Grace and Nothing More


It’s quiet 31 floors above the Atlanta streets. I hear the high-pitched whistle of the tinnitus, the massive fans on the air conditioners that cool this monster of a hotel, a pack of motorcycles speeding through the city streets. Now sirens. Now it’s quiet again.

I just enjoyed a nice dinner with the man I’m sharing this hotel room with (separate beds). I’m in Atlanta for a convention.

Earlier tonight I found myself in the company of about 65,000 other sober alcoholics. It was a powerful experience, humbling in fact given where the disease of addiction once took me. I sat there tonight thinking about all the misery that was the price of admission for these thousands of strangers I know so well. I thought about all the alcohol and “dry goods” we’d consumed as a group on our way to getting “here”. And I also thought about the collective joy we experience having escaped (just for today) from a seemingly hopeless state of mind and body. I’m one of the lucky ones. Most people who cross that invisible line into active addiction never make it into sobriety at all and most who enter sobriety don’t stay. Statistically, the odds are that I will die drunk but I’m doing everything I can to beat those odds and for almost eighteen years now, with the help of God and my fellows, I’ve been able to.

Any of you who’ve been reading my blog for a while have been regaled of the some of the stories from “back in the day.” I have such a bad case of the disease, even now, after all these years of sobriety and with memories of all those years of catastrophe before I got sober, I still think sometimes I might like to have a drink. Luckily those thoughts are fleeting and are almost immediately replaced with a more rational one– something like, “You are a frickin’ idiot if you do that. Remember the hell your life was before you were able to stop.” There were suicide attempts and crashed cars and ruined relationships and dead dreams; I don’t have to go back there (and actually “pick up”) to realize that drugs and alcohol simply don’t/won’t work for me.

Last September, things had gotten pretty bad for me even though I was still sober. If I am completely truthful, it was the same disease that had me once again at death’s doorstep, just other manifestations of it– underearning; compulsivity around food, sex and spending; and some pretty hard-core codependency. I committed (when I realized that suicide simply wasn’t/isn’t an option for me) to doing what I needed to do to get better and as my regular readers know, it has been a struggle. It would have been a struggle under the gentlest of life circumstances but actually, life has pretty much offered me the opposite of gentle during that time. I’m not complaining. I turned my will and my life over to the care of God as I (don’t or barely) understand God and so I have to trust that this process is– well, just that: a process. I’m willing to hang in and do the hard work. I’m willing to go to any length to stay sober (in the myriad ways that one might be sober) and my being in Atlanta this weekend is part of that process.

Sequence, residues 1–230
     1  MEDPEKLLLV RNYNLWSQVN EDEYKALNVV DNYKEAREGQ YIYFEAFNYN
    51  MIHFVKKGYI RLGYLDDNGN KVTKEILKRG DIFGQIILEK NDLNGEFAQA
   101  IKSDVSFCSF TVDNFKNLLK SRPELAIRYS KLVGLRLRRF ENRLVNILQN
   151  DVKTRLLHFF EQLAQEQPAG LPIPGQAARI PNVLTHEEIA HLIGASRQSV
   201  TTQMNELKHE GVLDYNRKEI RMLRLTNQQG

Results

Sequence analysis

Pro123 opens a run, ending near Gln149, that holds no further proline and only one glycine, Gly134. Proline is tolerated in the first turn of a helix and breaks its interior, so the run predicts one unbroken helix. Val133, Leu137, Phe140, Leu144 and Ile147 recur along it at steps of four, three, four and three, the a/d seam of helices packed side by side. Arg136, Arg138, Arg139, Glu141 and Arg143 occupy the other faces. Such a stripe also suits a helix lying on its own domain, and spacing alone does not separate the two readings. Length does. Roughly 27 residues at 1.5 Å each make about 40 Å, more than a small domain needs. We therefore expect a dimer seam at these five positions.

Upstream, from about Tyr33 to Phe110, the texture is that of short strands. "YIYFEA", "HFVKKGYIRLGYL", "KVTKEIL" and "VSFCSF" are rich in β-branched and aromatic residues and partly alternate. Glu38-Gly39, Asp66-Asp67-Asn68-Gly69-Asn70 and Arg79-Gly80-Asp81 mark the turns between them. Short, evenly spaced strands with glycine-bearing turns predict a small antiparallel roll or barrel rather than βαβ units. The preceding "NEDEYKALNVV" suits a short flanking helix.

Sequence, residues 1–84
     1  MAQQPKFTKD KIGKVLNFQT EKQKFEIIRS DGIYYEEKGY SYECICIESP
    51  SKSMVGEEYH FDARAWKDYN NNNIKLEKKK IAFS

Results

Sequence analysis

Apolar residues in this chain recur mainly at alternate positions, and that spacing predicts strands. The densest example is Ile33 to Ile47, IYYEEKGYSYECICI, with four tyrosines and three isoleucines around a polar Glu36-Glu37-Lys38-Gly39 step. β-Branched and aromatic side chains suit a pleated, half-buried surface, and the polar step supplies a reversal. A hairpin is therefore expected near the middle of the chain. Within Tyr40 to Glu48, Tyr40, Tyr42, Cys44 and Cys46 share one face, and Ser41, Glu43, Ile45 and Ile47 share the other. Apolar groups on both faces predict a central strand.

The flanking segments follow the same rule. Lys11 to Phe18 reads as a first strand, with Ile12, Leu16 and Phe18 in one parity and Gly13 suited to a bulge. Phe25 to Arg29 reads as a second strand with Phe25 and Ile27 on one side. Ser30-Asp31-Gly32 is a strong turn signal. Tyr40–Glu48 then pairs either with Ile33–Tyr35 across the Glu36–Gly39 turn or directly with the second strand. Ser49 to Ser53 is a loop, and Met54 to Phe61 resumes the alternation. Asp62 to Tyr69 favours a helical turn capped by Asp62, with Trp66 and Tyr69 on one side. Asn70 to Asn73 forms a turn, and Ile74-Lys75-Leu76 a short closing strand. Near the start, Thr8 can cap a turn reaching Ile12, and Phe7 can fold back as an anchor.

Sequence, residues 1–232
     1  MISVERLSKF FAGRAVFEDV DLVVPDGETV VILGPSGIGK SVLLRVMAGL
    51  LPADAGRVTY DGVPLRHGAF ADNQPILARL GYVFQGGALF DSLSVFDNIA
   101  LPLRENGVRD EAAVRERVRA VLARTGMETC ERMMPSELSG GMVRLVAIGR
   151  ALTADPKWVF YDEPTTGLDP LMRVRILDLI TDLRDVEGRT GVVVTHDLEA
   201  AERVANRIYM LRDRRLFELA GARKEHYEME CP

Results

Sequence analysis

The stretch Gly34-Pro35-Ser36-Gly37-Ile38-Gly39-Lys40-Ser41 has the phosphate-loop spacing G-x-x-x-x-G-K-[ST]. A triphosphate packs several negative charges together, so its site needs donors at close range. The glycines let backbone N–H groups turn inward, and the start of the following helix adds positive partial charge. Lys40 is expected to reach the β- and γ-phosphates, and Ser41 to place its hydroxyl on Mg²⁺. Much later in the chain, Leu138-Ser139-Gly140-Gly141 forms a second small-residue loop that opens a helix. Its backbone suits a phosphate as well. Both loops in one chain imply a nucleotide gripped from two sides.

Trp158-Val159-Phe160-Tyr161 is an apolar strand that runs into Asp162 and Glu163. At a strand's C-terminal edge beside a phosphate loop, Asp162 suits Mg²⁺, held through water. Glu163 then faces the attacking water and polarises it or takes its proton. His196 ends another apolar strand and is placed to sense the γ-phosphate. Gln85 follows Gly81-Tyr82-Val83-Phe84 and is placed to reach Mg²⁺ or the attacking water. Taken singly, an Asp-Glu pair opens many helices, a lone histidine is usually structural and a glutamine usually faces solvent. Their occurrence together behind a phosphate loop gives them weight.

I’m so very grateful for my life and grateful to have escaped (for now at least) the jaws of The Beast. I’ve seen addiction take down so many good people in the past 25 years of my trying to get better. My heart will always break for the alcoholic/addict who still suffers whether they are actively using/drinking or trying to stay sober. Grace has me here in this super-comfortable bed in a nice hotel about to go to sleep without having had anything alcoholic to drink today. Grace. Nothing else.

For that, too, I am exceptionally grateful.

See y’all tomorrow.

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